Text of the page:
How Sweet, Smart Kids Under Occupation Come To Worship Militants
In the heart of Kashmir, where happiness was a warm AK-47, the weapon was my voice, and my dream
Like my peers, I loved the gun, and the star status of the militants captured my imagination, too. The gun would soon be within my reach, I was convinced, and I often cursed my luck for depriving me of various chances to hold the AK-47. Whenever rebels came to our village, I was busy feeding chickens and missed the excitement of the gun. On a day that some rebels actually let villagers touch and hold their guns, I was watching Mickey Mouse cartoons on TV. Once, one of my friends got a chance to hold the gun, and for a whole day he boasted about it. It was hard to suppress my jealousy. He was younger than me, weaker, and even shorter. He didn’t even know the full form of AK, which I had memorized for a long time, yet he was the chosen one.
As my luck was taking me nowhere, I concentrated on AK accessories. Gunfights between rebels and Indian troopers would often leave a trail of fine shiny cartridges and twisted bullets. It was a thrill to visit these sites, where the trigger was pulled and where the target had stood. I could easily find cartridges, but not bullets. The bad news was that the bullets were rumored to be poisonous, but the good news was that the casings were said to command the impressive price of $20 per kilo. Washing my hands rigorously with soap became my habit, in case the rumor of poison was true. I didn’t try to sell even a single cartridge, as I knew it would have landed me in trouble. The military was always looking for any clue that might indicate a connection with the rebels.
Empty cartridges were everywhere, but I wanted a new bullet. But even owning a bullet was becoming a herculean task. One day I realized that the color of a faded brass bullet casing, which I had collected from the compound of a high school, was somewhat similar to the wooden shade of a chewed pencil. Bingo—I got an idea. I peeled a pencil of its paint and cut it to the size of a bullet. The wood color matched the bullet color. With a sharpener I carefully made a pointed end of the pencil just like the front of a real bullet and inserted it into the cartridge from its open end. My copy was complete, and I was now the owner of an “almost” bullet.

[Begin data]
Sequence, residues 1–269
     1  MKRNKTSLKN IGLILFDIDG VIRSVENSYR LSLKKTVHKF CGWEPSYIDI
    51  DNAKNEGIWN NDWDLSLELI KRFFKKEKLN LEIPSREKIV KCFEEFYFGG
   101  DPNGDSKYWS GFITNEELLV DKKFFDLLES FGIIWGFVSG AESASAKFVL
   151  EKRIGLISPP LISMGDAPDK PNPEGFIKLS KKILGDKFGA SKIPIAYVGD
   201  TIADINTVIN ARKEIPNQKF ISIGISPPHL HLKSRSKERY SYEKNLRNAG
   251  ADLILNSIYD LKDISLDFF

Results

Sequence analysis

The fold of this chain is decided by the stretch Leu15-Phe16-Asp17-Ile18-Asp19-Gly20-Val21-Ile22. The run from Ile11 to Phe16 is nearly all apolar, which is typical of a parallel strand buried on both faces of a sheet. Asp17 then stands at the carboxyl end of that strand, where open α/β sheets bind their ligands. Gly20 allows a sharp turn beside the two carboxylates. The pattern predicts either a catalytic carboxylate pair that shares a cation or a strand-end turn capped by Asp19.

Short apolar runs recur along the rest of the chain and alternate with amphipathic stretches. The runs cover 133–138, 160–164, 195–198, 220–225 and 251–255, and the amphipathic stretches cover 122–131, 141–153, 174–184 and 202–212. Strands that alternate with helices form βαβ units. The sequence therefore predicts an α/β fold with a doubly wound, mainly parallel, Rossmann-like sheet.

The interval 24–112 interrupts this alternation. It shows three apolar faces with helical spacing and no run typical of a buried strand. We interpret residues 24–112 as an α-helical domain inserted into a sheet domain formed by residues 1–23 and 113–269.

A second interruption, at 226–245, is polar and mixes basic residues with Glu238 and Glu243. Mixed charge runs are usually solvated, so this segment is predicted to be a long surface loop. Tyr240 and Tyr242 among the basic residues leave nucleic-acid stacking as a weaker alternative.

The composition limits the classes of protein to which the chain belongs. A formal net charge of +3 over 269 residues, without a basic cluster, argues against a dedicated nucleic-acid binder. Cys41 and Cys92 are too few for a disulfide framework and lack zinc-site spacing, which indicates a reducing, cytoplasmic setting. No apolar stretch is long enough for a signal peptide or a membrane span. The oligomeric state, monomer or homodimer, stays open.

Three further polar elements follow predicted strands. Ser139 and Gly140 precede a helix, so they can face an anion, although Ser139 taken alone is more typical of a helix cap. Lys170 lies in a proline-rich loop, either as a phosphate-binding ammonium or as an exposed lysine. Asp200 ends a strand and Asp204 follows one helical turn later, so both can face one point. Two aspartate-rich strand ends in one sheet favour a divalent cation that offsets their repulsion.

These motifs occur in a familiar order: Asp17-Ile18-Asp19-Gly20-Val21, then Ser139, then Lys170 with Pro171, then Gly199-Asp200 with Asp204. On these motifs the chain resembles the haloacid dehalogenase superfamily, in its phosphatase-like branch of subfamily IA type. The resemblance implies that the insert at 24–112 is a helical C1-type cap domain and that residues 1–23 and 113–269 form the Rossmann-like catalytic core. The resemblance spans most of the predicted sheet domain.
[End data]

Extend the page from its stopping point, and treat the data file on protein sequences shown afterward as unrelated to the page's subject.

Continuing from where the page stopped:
Now the trick was to carefully show it to my friends. I did that by keeping a distance between them and the bullet, and they were suitably impressed. For almost six months I was the proud owner of this almost bullet until one day a cruel friend of mine detected the pencil trick. I still hate him.
As the gunfights became more frequent and school hours rare, children were confined to their homes for longer stretches. We found solace in games, which 90 percent of the time were inspired from the violence raging around us.
We made wooden replicas of Kalashnikovs and played the usual military-rebel games. Once I made a replica of an AK-47 so detailed that my horrified father threw it into a chicken pen. “You will get us arrested,” he scolded me. Almost every month and sometimes every week, there was a crackdown in our locality. The soldiers would hoard the men to some open compound and then search our houses. Depending on the mood of the soldiers sometimes even a flashlight could provide a reason for suspicion and for taking somebody’s father or brother away.